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White and Higher-Income Workers Most Prevalent Among Home-Based Workers

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The number of home-based workers increased across all races and ethnic groups — especially among high-income workers — between 2019 and 2021, a time when working from home was encouraged because of the COVID-19 pandemic.

A U.S. Census Bureau report released today shows that while White home-based workers more than doubled their numbers and remained the largest single group in the home-based workforce, the number of Black or African American, Asian and Hispanic or Latino individuals working from home also grew substantially during this time period.

We will refer to Black or African American as Black, and Hispanic or Latino as Hispanic for the remainder of this article. Hispanic origin and race codes were updated in 2020, so estimates between 2019 and 2021 are not directly comparable.

The report uses 2019 and 2021 American Community Survey (ACS) 1-year estimates.

Workers of all income levels were more likely to work from home in 2021 than in 2019, with higher earners the most likely to do so.

The data show that from 2019 to 2021, the number of:

  • White home-based workers increased from 7.2 million to 18.4 million.
  • Black home-based workers increased from 0.7 million to 2.6 million.
  • Asian home-based workers increased from 0.5 million to 2.6 million.
  • Workers reporting Two or More Races increased markedly, from 0.2 million to 2.6 million.
  • Hispanic and non-Hispanic home-based workers roughly tripled from 1.1 million to 3.2 million and from 7.9 million to 24.3 million, respectively.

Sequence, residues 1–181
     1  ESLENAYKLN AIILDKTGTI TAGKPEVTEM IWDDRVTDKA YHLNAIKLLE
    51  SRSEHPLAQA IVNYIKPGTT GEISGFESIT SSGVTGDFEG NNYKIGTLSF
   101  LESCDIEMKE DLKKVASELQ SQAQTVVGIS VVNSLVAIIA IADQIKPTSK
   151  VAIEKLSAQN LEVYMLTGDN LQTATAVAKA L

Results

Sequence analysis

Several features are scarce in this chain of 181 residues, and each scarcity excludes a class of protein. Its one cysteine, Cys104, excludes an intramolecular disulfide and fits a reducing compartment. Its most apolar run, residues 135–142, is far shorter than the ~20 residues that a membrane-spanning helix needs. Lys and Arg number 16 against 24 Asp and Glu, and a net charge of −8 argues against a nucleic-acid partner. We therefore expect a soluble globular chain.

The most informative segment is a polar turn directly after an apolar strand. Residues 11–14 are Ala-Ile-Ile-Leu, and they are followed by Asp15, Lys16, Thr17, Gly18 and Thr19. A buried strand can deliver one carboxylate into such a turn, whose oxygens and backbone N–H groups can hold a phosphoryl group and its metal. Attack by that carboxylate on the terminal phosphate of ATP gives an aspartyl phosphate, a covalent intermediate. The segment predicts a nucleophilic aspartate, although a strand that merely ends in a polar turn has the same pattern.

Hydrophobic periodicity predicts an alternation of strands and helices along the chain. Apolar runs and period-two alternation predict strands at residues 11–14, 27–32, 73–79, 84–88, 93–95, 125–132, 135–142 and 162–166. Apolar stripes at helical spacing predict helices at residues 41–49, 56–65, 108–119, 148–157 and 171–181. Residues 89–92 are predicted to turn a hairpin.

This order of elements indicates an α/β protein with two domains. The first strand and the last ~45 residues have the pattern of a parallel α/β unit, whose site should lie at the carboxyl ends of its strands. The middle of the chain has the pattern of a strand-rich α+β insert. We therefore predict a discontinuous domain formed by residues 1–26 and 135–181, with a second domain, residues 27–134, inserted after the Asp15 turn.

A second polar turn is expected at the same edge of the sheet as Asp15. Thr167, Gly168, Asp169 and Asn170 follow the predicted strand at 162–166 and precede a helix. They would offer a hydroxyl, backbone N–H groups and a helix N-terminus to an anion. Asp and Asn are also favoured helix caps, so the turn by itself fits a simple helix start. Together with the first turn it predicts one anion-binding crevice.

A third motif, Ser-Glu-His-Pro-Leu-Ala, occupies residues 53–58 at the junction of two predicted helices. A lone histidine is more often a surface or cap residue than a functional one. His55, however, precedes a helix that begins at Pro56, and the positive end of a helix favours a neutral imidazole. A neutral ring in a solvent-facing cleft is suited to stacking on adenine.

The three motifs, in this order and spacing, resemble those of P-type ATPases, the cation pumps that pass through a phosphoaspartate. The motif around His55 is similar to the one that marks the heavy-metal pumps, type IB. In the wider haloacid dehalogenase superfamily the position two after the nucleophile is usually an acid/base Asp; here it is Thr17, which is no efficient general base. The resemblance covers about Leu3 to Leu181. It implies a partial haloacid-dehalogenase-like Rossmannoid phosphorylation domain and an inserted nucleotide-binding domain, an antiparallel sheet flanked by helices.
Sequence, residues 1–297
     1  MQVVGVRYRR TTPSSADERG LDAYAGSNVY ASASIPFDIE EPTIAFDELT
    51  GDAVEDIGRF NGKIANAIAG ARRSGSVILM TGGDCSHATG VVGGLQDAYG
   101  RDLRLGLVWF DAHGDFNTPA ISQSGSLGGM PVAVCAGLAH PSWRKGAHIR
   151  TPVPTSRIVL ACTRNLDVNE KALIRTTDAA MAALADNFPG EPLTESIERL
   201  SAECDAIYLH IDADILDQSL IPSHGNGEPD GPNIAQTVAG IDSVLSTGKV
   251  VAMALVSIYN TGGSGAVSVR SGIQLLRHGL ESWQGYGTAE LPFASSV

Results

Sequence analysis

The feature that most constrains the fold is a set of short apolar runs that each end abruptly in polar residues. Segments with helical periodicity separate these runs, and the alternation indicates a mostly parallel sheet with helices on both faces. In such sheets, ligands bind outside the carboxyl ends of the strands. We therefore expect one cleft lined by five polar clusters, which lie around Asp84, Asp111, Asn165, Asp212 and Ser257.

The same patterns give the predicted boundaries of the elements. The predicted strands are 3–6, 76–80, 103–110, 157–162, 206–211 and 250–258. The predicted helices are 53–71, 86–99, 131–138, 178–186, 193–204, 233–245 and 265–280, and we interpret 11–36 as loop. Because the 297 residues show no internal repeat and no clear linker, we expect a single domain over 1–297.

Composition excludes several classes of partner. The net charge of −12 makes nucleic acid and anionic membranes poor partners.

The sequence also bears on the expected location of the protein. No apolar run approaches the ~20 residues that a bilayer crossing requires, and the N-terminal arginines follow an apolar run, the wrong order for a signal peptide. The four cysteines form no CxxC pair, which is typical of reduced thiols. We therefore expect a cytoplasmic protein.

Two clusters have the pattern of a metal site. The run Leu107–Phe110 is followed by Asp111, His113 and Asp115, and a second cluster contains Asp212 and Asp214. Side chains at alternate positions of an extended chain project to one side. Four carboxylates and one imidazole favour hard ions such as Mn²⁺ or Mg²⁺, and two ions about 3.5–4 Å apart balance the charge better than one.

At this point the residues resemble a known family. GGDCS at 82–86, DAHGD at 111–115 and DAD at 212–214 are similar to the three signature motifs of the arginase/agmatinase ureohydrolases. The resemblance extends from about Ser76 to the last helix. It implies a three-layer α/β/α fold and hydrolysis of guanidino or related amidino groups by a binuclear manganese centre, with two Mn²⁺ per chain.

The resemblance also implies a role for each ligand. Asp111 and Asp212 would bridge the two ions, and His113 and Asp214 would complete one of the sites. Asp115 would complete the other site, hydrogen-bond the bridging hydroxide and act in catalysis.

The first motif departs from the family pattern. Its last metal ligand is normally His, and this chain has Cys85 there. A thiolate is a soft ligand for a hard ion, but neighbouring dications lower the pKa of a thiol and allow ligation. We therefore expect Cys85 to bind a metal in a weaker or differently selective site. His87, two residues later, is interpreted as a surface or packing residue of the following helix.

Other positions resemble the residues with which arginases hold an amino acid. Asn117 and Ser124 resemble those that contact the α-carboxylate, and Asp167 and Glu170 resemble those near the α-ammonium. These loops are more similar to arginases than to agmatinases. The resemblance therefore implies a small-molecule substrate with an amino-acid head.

White Workers Majority of Home-Based Workers

In 2021, White workers made up 63% of the total U.S. working population but 67% of the home-based workforce (Figure 2).

Asian workers were also overrepresented, making up 6% of all workers but 10% of the home-based workforce.

Black workers made up 11% of all workers but 10% of home-based workers in 2021. Hispanic origin workers made up 18% of all workers and just 12% of home-based workers. 

Highest Income Workers Most Likely to Work from Home

Workers of all income levels were more likely to work from home in 2021 than in 2019, with higher earners the most likely to do so.

For workers in the first income decile (the lowest paid 10% of all workers), the percentage working from home doubled from 6% in 2019 to 12% in 2021. In the 10th or highest income decile, the percentage working from home more than tripled from 11% to 38%. 

Higher Income Workers Disproportionately White

The racial composition of the workforce also varied by income, with White workers most prevalent among higher income groups.

White workers made up the majority of each income decile but were underrepresented at the bottom end of the income distribution and overrepresented at the top (Figure 4). Black workers, on the other hand, were overrepresented at the bottom end of the income distribution and underrepresented at the top. 

Home-Based Workers Not Representative of U.S. Workforce

Racial and ethnic differences in U.S. commuting patterns were evident before the COVID-19 pandemic, but the rapid expansion of home-based work provides another opportunity to understand how certain populations were affected differently.

Workers of all race and ethnic groups worked from home in higher numbers in 2021 than in 2019. White workers were the most likely to work from home; they were also overrepresented among the highest-earning workers.

Further analysis of topics like industry, occupation, transportation access and workplace flexibility may provide further insight into the racial and ethnic makeup of the home-based workforce. 

Michael Burrows and Charlynn Burd are survey statisticians in the Census Bureau’s Social, Economic, and Housing Statistics Division.

Brian McKenzie is chief of the Journey-to-Work and Migration Statistics Branch in the Census Bureau’s Social, Economic, and Housing Statistics Division. 


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Page Last Revised - April 3, 2023
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